Up from the bed, Savitha’s movements are cautious and calculated in the dim, depressing room. Stepping outdoors or drawing the curtains to let the light in, are unthinkable. Even a brief exposure to sunlight could cause irreparable damage to her already delicate skin, eyes, and life. Rise and shine is a phrase too alien for her.

Savitha's mother cries over her daughter's condition.

Lakshmi fails to hold back tears when she spoke of her daughter Savitha’s condition. (Chetana Belagere)

The child stays confined to her house as she has been doing all these years. Savitha sits in her sun-proofed home, gazing beyond the verandah at the world passing by without her.

Savitha has stepped out occasionally, albeit fleetingly. Each time meticulous and elaborate preparations are made for her to leave the house. When the shadows stretch eastward, and the sun rays become soft and kind, she steps out, gingerly and prepared. It is her only window of opportunity to be in the open and take in fresh air.

All the caution, however, will not help Savitha for long. Her parents are expecting her spirit to soar away soon, leaving them for good.

Her father Basavanna had more immediate concerns. He said while the skin issue doesn’t trouble her much, blisters form in her eyes, causing the eyeball to turn almost white.

“My daughter had good vision. She has no itching or boils that Priyanka’s (Sudharani’s sister) sons had suffered, but her eyesight is a major concern. She can see very little now. She just manages to take care of herself. We hope her eyesight is restored,” Savitha’s mother Lakshmi told South First.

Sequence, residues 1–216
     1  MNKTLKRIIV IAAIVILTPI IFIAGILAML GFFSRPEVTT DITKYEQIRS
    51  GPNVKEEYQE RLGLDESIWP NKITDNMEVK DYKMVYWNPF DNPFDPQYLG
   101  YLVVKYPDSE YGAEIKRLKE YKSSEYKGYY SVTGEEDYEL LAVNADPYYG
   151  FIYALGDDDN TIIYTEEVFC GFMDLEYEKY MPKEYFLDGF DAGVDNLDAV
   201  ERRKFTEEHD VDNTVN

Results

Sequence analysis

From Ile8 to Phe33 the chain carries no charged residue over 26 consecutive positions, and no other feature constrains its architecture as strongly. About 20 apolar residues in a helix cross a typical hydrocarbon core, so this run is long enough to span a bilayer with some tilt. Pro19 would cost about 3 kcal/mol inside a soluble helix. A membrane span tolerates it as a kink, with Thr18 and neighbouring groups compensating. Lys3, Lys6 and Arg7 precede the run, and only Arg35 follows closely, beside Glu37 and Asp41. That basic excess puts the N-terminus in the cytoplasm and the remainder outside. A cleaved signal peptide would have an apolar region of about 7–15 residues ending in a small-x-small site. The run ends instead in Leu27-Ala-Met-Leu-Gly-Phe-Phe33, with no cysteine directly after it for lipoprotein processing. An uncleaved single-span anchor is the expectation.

The diminishing eyesight has made Savitha sad, especially since she could not watch her favourite hero, the late Puneet Rajkumar, dance. “I can only listen to his songs now. Watching him on the mobile phone strains my eyes and they start hurting,” she said.

Doing her daily chores, too, has become hard for the girl if her mother or aunt are not around. “Earlier, I used to fill water in the pots. Now I can’t do it,” the teenager added.

Munimadashetty, a retired school teacher, lives a few houses from Savitha. He has lost a daughter and two grandchildren to this rare condition. He even had to prick his daughter’s eye before taking her to a hospital.

(In Part 2 of the South First investigation into Xeroderma Pigmentosum-afflicted children, we take a look at how authorities remain blind to ‘chukki kayle’.)